in the second mode, the command function outputs a power command, a current command, or a voltage command to the one of the installation-side charger/discharger and the vehicle-side charger/discharger based on the battery information and the installation-side power information.
6. The power exchange system according to claim 5, wherein
the second mode is used at a regular interval to evaluate performance of the vehicle-side battery.
7. The power exchange system according to claim 1, wherein
a maximum exchangeable power, a chargeable/dischargeable energy upper limit, and a chargeable/dischargeable energy lower limit are set based on the battery information and the installation-side power information, and
the command function is operated to satisfy the maximum exchangeable power, the chargeable/dischargeable energy upper limit, and the chargeable/dischargeable energy lower limit.
8. The power exchange system according to claim 7, wherein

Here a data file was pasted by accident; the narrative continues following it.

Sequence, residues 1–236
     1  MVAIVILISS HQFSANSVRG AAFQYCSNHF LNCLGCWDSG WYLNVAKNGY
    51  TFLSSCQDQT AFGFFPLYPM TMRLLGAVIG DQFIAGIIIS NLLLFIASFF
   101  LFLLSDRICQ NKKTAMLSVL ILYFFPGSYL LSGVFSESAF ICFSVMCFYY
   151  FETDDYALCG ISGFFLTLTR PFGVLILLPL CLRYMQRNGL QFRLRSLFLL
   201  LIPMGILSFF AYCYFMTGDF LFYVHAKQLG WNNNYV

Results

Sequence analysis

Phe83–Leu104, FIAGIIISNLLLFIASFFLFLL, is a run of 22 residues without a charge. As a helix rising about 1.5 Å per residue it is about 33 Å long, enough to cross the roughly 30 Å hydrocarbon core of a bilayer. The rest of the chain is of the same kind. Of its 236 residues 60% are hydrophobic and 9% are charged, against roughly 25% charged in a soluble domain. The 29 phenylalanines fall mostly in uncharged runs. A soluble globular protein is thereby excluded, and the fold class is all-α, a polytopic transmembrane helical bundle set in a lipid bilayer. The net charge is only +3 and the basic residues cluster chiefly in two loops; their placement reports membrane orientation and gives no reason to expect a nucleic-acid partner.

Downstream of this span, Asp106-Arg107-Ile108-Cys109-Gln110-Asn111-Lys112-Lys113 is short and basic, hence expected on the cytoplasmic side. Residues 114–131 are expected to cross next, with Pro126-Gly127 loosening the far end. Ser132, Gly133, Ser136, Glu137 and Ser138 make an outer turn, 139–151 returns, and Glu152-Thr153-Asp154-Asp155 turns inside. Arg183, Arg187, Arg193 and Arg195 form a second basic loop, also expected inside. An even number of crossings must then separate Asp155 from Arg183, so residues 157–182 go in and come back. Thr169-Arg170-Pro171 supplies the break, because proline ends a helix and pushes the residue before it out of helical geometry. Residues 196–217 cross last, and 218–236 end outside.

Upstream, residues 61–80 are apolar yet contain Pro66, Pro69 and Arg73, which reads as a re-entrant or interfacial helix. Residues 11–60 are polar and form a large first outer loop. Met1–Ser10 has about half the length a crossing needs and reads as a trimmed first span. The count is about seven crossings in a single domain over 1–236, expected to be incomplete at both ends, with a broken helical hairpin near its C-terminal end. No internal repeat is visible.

a conversion rating of the one of the installation-side charger/discharger and the vehicle-side charger/discharger is acquired, and
the command function is operated to satisfy the conversion rating.
9. The power exchange system according to claim 1, wherein
when at least one of the battery information and the installation-side power information is unavailable, the command function outputs the charge/discharge command by using a predetermined default value.
10. The power exchange system according to claim 1, further comprising:
a display section for displaying an electric bill associated with the exchange of power between the power supply system and the vehicle-side battery.
11. The power exchange system according to claim 1, wherein
the command function outputs the charge/discharge command based on the battery information, the installation-side power information, and at least one of vehicle load prediction information and charge request information,
the vehicle load prediction information indicates a feature load condition of the vehicle, and
the charge request is input through an input section by a user to charge the vehicle-side battery.
12. The power exchange system according to claim 11, wherein
the charge request is allowed to be inputted through not only the input section but also a cell phone or a personal computer connected to a network.
US13/252,746 2010-10-06 2011-10-04 Power exchange system Active 2032-06-27 US8581545B2 (en)